This blog follows up on my previous one, where the focus was on “acting as if.” A couple of weeks ago, I returned from Utah, where I was teaching a group of mental health clinicians how to treat people who are highly suicidal. This made me think of another area where acting as if is important – an area where it might be life or death important. For many years, sociological and psychological theories have emphasized alienation and a lack of belongingness as important factors that can fuel the desire to engage in suicidal behaviour. More recently, a researcher named Dr. Thomas Joiner, has included the experience of thwarted belongingness as an important contributor to the desire to engage in suicide attempts (you can read more about his ideas in the book Why People Die by Suicide). Feeling disconnected from society as a whole, or from an important person or group of people is extremely painful. The sense of disconnection that you experience when you were feeling alienated can colour your mood, thoughts, and actions in many areas of life. From an evolutionary perspective, humans were never meant to be disconnected from their social group. Indeed, being separated or disconnected from your tribe was dangerous; humans in that situation were unlikely to survive. Nowadays, you might survive if you are disconnected from your group, but you will probably still be in a lot of psychological pain.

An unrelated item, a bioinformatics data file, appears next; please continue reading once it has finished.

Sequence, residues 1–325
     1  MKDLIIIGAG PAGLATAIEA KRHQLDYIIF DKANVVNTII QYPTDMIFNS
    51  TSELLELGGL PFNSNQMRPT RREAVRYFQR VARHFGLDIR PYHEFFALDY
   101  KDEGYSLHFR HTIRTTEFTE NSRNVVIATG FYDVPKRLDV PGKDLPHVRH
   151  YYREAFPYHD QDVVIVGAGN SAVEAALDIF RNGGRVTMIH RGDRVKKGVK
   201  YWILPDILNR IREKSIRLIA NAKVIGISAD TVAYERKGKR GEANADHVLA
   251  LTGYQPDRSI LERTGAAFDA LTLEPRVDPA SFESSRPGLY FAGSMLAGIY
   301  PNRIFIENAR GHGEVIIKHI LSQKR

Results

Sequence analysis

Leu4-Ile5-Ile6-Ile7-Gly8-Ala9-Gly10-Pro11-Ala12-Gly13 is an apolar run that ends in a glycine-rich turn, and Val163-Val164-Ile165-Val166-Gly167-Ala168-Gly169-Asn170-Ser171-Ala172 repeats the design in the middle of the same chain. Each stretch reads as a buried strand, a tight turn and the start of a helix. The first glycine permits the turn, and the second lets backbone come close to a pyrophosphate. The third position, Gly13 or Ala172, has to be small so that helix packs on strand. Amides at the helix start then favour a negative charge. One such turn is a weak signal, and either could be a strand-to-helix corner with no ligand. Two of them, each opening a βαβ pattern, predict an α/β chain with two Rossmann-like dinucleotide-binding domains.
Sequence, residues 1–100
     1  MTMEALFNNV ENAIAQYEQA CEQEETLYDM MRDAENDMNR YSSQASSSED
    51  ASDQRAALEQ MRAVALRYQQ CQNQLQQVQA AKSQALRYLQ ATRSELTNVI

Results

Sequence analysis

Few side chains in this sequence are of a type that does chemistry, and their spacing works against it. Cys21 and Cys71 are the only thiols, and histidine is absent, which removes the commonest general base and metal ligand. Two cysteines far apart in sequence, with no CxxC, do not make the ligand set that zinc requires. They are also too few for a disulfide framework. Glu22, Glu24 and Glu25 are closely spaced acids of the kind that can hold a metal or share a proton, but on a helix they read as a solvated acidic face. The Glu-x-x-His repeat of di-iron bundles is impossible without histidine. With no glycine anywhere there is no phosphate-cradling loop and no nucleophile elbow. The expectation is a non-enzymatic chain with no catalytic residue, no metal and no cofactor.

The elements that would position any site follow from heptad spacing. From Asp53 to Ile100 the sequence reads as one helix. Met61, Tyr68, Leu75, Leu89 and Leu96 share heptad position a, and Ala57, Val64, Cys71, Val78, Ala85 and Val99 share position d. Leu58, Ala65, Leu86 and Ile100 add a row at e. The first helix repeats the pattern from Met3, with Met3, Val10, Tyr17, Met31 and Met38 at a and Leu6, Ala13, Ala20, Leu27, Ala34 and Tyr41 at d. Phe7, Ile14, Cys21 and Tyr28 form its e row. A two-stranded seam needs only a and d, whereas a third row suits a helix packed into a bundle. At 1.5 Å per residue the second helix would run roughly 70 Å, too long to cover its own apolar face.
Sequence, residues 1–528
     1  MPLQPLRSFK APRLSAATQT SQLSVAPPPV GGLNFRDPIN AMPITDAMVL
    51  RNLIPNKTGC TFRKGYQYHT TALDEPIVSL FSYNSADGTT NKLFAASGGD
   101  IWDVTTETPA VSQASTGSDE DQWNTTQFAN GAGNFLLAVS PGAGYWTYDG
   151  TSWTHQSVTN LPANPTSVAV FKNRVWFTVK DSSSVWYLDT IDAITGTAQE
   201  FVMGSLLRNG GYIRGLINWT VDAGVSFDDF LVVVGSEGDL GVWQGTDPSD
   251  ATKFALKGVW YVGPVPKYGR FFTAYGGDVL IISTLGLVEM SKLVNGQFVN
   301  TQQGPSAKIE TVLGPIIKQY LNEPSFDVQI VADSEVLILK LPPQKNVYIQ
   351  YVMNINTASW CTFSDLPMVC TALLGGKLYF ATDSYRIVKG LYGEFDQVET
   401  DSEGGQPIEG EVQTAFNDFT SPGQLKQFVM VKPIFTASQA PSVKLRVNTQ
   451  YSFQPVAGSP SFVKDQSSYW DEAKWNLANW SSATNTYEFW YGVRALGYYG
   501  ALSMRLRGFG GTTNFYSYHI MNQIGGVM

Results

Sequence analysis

So, how does acting as if relate to this? Well, many researchers, scientists, and spiritual leaders think that the idea that we can actually be disconnected from others is a total myth. We are all intimately connected in many ways. We depend on people we don’t even know for the things we need in order to live our daily lives. Something that a person we have never met in a far-off country does can directly affect us at any time. We are even breathing the same air and interacting with the molecules of anybody and anything that is nearby. While this might start to sound a little gross, the basic idea is that we are all part of everything. Although you might sometimes feel like an outsider, according to this perspective, there are no outsiders. Of course, this might just seem like a lot of talk or pie-in-the-sky ideas until you actually experienced the fact that you are connected. One way to do this is to act as if you are connected to the things and people around you. When you go for a walk, be mindful and notice your connection with the ground, the movement of the air, the birds, people, insects, plants, and animals around you. Notice how what you do affects many of these things. Simply walking down the street affects the movement of air molecules around you, triggers squirrels to scurry off in another direction, changes the activity of birds, insects, and so on. Your senses are in constant contact with the environment around you. Light particles are activating cells within your eyes and your brain, and sounds are causing changes in your ears. Whatever seems separate from or outside of you is also in a fundamental way part of you. Try to spend a little bit of time each day acting as if this is true. Think about what you would do differently if you were connected with the people and the world around you. Do those things, and see what happens. – Alexander L. Chapman, Ph.D., R.Psych., Friday, April 3, 2015.